MacFarlane, A. (2004), "Introduction to Modern Information Retrieval (2nd edition)", Program: electronic library and information systems, Vol. 38 No. 3, pp. 216-217. https://doi.org/10.1108/00330330410547304
Emerald Group Publishing Limited
Copyright © 2004, Emerald Group Publishing Limited
The book is aimed at students of library and information science programmes, both postgraduate and undergraduate, and at an international audience. The book covers practically all areas of information retrieval, some parts in more depth than others, such as searching, cataloguing and classification, evaluation and research issues.
Material has been added and updated to most chapters, but the most significant change from the first edition is splitting the areas of cataloguing and classification into two separate chapters and providing more detail on each area.
This could potentially be useful to computing students as well, as the detail of how information retrieval systems are implemented is described at reasonable length in the book. However, such readers would probably want to skip over some of the introductory material which may be somewhat basic for their interests. Issues such as information seeking are discussed, and important work is identified and used.
The book is for the most part up‐to‐date with trends in information retrieval (IR). I do have some quibbles, however. There is a lack of discussion of machine learning in IR, which through models such as support vector machines (SVMs) are something of a hot topic – no references to current work in the area are given in the relevant section, for example the work of Thorsten Joachims (2001). There is a lack of appreciation of the impact of the probabilistic model of IR (e.g. there is an unsupported statement on page 175 that this model does not yield sufficiently better results than the Boolean or vector space models). The probabilistic model has become very influential recently through the BM25 weighting function, and most participants of the TREC evaluation conference use variations of the function.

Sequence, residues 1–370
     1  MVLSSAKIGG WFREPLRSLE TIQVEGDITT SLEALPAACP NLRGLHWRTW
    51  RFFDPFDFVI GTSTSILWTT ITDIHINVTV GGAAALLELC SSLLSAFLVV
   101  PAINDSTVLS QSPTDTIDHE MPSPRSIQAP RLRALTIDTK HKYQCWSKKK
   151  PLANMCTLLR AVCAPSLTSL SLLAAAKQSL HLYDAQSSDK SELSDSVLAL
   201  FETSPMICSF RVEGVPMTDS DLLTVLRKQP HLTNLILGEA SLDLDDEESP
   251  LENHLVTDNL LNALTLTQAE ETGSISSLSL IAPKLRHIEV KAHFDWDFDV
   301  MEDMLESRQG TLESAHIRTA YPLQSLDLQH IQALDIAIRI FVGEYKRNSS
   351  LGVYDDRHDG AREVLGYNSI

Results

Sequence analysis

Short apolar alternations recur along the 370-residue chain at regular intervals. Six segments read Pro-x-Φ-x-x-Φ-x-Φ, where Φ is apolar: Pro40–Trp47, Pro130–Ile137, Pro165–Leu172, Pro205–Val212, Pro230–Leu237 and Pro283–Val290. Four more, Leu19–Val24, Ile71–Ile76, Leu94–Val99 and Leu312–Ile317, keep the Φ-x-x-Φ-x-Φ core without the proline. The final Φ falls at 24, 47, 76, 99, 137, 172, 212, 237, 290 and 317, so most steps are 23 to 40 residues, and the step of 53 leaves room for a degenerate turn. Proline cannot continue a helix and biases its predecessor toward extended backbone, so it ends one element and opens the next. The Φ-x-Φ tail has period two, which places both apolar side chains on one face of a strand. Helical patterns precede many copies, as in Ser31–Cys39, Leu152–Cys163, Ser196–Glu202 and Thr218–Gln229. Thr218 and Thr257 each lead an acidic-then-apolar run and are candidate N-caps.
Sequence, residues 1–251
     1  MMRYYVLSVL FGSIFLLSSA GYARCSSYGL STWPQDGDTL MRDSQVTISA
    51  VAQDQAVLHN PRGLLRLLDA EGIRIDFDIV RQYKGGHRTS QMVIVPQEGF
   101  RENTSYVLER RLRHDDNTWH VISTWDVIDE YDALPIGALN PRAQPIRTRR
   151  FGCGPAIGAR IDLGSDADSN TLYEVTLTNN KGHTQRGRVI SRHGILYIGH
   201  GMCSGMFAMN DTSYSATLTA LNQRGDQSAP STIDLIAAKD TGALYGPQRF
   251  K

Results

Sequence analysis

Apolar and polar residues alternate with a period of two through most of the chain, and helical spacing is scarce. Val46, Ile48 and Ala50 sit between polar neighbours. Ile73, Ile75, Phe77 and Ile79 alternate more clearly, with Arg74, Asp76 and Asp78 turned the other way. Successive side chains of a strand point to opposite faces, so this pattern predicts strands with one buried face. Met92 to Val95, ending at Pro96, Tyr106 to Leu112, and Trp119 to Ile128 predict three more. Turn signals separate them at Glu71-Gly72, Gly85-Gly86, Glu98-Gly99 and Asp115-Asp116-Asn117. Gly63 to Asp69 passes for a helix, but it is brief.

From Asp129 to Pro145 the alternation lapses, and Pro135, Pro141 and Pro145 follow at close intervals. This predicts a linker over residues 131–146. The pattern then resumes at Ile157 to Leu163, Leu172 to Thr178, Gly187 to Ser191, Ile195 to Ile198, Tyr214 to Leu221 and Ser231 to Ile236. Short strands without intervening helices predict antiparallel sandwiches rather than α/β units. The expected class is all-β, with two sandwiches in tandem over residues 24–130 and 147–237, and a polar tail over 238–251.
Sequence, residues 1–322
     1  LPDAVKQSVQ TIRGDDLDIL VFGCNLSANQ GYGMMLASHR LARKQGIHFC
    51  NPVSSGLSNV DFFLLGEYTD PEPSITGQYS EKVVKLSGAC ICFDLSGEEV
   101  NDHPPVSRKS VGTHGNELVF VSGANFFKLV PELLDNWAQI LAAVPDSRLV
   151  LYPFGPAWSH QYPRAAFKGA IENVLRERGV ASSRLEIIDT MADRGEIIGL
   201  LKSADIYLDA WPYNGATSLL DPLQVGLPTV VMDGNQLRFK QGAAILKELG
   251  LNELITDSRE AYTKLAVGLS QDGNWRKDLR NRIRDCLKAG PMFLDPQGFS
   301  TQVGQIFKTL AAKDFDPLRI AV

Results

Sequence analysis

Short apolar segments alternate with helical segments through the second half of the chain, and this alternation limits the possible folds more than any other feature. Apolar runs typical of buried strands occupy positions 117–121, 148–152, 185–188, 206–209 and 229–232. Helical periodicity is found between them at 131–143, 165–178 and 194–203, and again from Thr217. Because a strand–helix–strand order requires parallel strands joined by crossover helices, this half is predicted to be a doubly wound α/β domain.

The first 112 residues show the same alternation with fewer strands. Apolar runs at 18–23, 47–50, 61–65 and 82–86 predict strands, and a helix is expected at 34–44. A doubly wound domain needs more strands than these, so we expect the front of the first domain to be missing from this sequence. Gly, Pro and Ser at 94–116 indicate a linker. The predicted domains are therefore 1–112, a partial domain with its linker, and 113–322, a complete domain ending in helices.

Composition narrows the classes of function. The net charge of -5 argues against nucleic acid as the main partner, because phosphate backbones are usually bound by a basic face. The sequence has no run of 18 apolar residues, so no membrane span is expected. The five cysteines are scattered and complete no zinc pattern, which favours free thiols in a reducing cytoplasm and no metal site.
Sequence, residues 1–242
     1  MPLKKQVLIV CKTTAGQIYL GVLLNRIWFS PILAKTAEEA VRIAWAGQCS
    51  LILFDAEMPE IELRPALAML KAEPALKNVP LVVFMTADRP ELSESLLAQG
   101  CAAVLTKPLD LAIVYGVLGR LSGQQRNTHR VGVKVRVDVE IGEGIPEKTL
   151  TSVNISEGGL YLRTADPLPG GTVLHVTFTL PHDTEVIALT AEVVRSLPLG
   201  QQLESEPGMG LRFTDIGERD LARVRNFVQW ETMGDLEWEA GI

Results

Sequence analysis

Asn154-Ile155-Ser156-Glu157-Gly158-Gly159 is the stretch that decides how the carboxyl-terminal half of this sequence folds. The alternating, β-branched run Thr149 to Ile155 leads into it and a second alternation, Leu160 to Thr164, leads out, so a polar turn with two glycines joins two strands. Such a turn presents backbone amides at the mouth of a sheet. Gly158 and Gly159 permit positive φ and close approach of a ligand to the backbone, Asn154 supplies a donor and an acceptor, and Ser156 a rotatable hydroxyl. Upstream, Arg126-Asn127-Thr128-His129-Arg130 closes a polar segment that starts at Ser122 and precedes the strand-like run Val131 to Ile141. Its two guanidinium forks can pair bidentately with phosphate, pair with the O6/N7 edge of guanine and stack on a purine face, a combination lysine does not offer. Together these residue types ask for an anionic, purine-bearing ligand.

However, my biggest quibble is a reference to work published in 1990 which claimed that the performance of serial scanning of text was nearly comparable with searching an inverted list. Stone (1987) showed that this was not the case, and also showed that a parallel inverted file method is hard to beat in terms of reducing run times for searches.
Having said all that, there are some very useful chapters for both my teaching and research. There is a lot of useful material on online searching, for systems such as Dialog, which I used on my courses. There are two chapters on users and information retrieval, which is of great use for anybody (like me) who wants to move into that area. The two chapters on natural language processing are also very interesting and useful. Important trends such as music information retrieval are also covered, and non‐text retrieval issues are reasonably addressed.
The writing for the most part is clear and the layout makes it easy to read. My only quibble here is that there are some typos in the book that could have been erased with some care in the editorial process. An index to the book is included at the end, and references to quoted material are given at the end of each chapter. I would recommend this book to any general reader who is interested in IR issues. It is particularly useful to students undertaking a course on IR in a library and information science department, and I use it as an essential text on the courses I teach at City University.
Joachims, T. (2001), “A statistical learning model of text classification with support vector machines”, Proceedings of the Conference on Research and Development in Information Retrieval (SIGIR), ACM Press, New York, NY, pp. 128‐36.
Stone, H.S. (1987), “Parallel querying of large databases: a case study”, IEEE Computer, Vol. 20 No. 10, pp. 11‐21.